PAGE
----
Of Longhena’s many designs, Ca’ Pesaro is believed to be his masterpiece
Ca’ Pesaro is a Baroque marble palace which was built by the noble and wealthy Pesaro family. It is yet another design by Baldassarre Longhena in mid-17th century but he died before the building was completed. It took 58 years before the Baroque palace was finally completed in 1710 by Gian Antonio Gaspari, who complied substantially with Longhena’s original design.
Ca’ Pesaro is believed to be Longhena’s masterpiece. Designed with a grand-looking facade and a royal entrance hall, Longhena used heavy columns in the Ca’ Pesaro facade which contrasts with his more elegant Ca’ Rezzonico. The interior was highly decorated with frescoed ceilings painted by some of Venice’s finest artists – some of these frescoes still exist in the palazzo .
A Palazzo Destined for Art
The Pesaro family had a substantial art collection which included many works by artists such as Vivarini, Carpaccio, Bellini, Giorgione, Titian, Tintoretto, as well as the most famous Venetian artists of the seventeenth and eighteenth-century. When the last of the Pesaro family died in 1830, most of the collection was sold at auction in London.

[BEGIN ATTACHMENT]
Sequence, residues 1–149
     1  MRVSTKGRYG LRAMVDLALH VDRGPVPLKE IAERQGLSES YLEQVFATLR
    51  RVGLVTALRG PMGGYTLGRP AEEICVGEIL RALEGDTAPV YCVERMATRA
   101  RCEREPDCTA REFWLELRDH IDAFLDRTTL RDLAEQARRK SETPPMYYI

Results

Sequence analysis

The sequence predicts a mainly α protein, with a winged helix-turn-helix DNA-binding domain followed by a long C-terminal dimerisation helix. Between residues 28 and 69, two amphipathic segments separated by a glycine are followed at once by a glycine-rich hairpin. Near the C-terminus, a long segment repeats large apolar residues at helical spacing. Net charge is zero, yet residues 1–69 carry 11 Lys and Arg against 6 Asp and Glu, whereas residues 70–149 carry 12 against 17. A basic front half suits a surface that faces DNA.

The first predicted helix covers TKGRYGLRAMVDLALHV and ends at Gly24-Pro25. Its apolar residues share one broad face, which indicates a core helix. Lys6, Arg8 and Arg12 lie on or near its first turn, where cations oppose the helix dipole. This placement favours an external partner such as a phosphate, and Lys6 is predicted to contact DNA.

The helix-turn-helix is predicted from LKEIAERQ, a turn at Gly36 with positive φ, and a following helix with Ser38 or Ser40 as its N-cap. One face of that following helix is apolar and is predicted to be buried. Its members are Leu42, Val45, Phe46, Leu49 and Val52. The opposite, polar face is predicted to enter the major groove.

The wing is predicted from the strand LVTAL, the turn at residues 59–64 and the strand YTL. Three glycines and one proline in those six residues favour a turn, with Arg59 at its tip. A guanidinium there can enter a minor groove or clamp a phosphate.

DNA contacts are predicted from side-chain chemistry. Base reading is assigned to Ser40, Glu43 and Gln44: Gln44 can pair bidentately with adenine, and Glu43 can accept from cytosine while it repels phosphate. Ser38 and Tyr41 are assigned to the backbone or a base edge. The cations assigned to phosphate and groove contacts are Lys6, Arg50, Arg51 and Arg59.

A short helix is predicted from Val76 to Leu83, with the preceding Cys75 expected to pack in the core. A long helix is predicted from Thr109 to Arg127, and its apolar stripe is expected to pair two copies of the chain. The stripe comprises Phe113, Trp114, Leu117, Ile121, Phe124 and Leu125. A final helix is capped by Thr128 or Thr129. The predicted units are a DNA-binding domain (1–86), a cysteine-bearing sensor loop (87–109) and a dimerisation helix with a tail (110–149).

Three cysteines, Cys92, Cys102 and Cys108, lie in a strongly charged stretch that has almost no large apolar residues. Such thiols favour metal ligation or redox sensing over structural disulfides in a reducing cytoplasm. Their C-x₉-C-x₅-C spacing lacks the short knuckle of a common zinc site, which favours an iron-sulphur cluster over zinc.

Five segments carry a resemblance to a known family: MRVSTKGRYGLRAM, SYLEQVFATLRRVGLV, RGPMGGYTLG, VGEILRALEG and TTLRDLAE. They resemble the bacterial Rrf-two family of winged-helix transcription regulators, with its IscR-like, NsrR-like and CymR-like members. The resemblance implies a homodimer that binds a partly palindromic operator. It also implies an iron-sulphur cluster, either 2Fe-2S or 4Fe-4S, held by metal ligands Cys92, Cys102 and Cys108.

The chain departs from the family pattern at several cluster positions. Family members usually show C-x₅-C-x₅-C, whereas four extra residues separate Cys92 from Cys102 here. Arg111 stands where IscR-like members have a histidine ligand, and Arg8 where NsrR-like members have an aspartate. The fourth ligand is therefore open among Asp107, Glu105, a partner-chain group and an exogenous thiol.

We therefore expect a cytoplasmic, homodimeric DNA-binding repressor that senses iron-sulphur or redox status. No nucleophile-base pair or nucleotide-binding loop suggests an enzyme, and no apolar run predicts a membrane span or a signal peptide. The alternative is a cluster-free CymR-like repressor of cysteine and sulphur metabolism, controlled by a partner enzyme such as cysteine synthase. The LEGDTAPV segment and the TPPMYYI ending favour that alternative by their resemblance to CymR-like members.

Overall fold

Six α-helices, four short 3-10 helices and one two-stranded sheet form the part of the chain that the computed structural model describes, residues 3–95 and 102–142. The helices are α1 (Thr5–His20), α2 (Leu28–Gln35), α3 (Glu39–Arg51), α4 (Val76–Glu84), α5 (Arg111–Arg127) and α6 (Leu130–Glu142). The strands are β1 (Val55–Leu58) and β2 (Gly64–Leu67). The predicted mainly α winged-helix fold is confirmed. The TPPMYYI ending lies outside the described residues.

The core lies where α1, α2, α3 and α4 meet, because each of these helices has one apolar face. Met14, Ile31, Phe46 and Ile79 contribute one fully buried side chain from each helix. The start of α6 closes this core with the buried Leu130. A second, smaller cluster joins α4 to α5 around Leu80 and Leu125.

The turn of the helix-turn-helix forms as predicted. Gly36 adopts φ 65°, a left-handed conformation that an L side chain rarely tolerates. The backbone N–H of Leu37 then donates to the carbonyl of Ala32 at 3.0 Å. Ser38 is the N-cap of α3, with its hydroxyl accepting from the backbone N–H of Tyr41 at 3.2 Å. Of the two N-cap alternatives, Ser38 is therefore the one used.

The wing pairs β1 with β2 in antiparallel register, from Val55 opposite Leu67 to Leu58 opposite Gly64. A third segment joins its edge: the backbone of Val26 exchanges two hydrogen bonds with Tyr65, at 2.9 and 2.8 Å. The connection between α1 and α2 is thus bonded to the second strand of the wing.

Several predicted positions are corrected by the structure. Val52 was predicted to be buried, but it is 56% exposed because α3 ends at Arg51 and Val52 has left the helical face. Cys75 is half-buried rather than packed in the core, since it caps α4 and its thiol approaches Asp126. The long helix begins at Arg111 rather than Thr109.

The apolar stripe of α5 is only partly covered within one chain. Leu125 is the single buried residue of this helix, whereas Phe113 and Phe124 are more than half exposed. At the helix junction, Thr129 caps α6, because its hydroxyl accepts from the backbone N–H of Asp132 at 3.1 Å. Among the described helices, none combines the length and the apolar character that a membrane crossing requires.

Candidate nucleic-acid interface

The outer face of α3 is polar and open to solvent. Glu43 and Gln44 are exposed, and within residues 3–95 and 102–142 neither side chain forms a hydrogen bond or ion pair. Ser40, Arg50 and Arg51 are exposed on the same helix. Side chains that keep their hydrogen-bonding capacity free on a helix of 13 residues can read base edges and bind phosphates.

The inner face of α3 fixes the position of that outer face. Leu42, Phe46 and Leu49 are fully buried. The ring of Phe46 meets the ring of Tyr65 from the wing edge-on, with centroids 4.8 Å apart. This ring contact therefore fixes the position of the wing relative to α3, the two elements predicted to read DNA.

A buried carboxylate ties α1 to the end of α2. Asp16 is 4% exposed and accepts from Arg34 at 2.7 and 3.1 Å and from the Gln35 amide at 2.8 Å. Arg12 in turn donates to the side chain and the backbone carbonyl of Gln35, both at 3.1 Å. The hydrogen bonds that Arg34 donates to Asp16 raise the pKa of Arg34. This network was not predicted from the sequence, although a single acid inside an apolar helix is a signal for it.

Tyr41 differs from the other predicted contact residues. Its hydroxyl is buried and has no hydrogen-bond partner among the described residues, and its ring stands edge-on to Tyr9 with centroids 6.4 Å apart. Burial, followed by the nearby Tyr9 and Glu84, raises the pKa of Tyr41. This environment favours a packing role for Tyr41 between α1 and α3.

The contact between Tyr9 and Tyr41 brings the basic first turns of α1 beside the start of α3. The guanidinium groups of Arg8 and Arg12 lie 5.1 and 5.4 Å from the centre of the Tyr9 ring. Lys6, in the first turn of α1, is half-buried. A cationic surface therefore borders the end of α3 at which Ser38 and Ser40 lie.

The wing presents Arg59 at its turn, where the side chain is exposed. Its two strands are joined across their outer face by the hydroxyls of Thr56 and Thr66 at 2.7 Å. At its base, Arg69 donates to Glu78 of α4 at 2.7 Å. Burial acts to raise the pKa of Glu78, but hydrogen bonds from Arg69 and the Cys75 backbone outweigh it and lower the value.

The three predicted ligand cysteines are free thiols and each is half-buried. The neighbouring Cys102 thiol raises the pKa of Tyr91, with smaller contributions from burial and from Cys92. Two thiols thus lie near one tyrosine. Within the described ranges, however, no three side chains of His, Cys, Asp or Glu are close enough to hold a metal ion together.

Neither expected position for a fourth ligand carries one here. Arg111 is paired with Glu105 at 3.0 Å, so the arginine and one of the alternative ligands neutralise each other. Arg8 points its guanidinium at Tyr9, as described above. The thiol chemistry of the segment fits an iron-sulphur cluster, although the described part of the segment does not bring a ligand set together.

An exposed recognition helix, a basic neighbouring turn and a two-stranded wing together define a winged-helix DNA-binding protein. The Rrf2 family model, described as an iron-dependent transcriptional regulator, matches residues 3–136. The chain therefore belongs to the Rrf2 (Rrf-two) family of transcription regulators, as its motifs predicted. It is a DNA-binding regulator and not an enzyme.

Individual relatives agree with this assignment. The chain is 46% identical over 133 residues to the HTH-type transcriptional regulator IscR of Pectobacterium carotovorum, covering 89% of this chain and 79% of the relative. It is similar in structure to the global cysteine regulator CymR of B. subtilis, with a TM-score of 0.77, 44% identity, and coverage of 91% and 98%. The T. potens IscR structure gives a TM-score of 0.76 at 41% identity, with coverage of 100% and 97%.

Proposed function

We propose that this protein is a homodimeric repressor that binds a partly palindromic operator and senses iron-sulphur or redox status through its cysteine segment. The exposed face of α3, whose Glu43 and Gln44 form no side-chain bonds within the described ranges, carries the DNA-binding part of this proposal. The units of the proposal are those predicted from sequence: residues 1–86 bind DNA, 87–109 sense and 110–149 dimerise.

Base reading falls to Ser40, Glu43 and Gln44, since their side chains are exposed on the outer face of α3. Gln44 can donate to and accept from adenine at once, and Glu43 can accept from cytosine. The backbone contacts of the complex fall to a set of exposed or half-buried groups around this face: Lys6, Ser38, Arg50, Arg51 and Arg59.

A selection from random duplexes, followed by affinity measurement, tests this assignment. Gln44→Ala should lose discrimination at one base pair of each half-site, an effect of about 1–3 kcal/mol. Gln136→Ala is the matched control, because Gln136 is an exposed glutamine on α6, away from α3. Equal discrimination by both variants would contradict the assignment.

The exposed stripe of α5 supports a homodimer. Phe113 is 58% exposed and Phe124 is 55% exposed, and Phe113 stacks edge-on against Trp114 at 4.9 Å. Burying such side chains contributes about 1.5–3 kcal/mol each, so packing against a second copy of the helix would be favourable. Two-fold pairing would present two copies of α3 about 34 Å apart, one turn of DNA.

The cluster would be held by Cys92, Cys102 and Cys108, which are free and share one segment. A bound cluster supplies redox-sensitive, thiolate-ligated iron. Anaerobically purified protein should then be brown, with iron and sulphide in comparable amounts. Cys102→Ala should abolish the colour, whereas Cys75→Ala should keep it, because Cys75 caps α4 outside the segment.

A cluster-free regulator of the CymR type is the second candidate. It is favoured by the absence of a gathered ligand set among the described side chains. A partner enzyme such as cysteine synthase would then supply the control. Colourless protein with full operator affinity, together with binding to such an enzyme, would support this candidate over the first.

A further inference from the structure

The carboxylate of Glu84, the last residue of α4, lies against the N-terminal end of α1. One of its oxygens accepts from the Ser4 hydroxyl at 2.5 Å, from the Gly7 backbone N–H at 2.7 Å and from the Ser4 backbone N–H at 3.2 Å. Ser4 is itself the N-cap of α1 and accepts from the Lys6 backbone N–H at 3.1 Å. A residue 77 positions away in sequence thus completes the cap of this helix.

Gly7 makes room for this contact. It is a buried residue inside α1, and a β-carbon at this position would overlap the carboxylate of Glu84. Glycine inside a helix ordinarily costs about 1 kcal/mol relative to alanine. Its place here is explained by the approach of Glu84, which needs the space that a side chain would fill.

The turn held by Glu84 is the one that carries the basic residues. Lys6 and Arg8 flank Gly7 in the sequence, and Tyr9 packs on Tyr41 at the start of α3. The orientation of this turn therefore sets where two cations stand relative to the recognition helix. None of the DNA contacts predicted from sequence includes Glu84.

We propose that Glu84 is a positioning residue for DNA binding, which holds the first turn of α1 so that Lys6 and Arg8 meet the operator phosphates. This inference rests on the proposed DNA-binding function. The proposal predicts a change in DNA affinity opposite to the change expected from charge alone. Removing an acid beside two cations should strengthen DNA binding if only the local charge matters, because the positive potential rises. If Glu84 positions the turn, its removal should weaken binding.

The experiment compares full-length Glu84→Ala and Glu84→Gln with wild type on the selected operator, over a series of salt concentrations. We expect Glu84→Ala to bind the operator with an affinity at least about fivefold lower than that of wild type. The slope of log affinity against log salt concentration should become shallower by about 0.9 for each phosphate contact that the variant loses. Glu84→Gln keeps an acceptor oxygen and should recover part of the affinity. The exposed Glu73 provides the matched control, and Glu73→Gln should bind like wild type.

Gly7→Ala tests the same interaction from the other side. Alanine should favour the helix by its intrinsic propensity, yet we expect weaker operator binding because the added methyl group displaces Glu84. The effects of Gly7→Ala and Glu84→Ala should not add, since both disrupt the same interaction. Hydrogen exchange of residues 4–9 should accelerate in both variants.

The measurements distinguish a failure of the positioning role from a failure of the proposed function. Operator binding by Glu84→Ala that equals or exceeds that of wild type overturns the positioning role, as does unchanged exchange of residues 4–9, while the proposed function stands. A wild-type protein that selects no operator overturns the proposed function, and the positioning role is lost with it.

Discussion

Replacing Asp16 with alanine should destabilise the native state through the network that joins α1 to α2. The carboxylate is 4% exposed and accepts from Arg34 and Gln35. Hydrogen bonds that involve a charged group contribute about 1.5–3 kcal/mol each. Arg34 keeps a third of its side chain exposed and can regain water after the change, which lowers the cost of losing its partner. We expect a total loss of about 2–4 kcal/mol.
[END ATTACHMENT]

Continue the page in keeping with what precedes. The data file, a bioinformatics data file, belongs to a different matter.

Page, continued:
After the Pesaros, the palace became Palazzo Gradenigo, then it became an Armenian college before being bought by the Bevilacqua family. The Duchess Felicita Bevilacqua La Masa was devoted to modern art and when she died, she bequeathed the building to the city for this purpose.
Today Ca’ Pesaro houses the International Gallery of Modern Art and has held the Venice City Council’s collection of modern art since 1902.
Through acquisitions and bequests, the Modern Art Gallery holds paintings or works by Klimt, Bonnard, Chagall, Kandinsky, Klee, Rouault, Matisse, Moore, Morandi, De Chirico, Boccioni and others.
The upper floor is dedicated to the Museo d’Arte Orientale (Museum of Oriental Art), containing some 30,000 objects, mainly from Japan (armoury, inros, netsukes, paintings by Koryusai, Harunobu, Hokusai, etc.), but also from China and Indonesia. This collection of oriental objects was brought back by Prince Henry of Bourbon-Parma, the Count of Bardi, from his 19th century travels to Asia, and was bequeathed to the Italian state.
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